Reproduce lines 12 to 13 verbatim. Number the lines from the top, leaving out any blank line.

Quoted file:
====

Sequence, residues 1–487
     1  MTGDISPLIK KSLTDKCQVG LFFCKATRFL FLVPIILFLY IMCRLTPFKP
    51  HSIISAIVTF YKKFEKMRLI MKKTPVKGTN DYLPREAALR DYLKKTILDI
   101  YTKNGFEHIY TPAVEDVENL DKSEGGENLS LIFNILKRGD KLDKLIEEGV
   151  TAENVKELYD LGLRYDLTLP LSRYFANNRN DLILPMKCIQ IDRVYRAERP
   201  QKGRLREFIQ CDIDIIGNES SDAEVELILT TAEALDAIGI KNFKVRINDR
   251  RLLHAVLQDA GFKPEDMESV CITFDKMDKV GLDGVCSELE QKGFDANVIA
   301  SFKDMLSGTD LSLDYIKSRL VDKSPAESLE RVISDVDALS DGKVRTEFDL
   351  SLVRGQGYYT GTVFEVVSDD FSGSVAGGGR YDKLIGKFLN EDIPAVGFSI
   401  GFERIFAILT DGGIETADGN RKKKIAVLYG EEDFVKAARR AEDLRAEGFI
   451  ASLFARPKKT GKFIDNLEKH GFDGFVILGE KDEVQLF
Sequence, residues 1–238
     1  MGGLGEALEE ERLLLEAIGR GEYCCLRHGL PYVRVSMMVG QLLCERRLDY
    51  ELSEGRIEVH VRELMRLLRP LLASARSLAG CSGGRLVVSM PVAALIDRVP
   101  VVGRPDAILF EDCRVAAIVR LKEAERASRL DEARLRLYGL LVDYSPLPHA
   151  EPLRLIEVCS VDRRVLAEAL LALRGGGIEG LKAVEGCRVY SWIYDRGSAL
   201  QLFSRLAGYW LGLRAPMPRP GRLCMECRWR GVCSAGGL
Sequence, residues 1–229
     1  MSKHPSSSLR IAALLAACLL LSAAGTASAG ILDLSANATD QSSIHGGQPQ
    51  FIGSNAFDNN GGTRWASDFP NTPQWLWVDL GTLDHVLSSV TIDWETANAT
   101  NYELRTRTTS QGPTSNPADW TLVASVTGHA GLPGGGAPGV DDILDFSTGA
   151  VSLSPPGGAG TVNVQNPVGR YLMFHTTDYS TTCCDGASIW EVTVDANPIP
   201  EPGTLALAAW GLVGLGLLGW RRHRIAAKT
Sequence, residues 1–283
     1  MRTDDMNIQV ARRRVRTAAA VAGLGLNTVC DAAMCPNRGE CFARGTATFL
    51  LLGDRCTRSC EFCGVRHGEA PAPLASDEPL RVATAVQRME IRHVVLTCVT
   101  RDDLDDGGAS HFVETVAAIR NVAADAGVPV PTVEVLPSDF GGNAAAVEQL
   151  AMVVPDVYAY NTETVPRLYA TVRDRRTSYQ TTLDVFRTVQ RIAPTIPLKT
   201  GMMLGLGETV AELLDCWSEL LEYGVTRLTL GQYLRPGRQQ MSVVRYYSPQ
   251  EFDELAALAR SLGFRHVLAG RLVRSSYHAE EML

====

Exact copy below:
Sequence, residues 1–238
     1  MGGLGEALEE ERLLLEAIGR GEYCCLRHGL PYVRVSMMVG QLLCERRLDY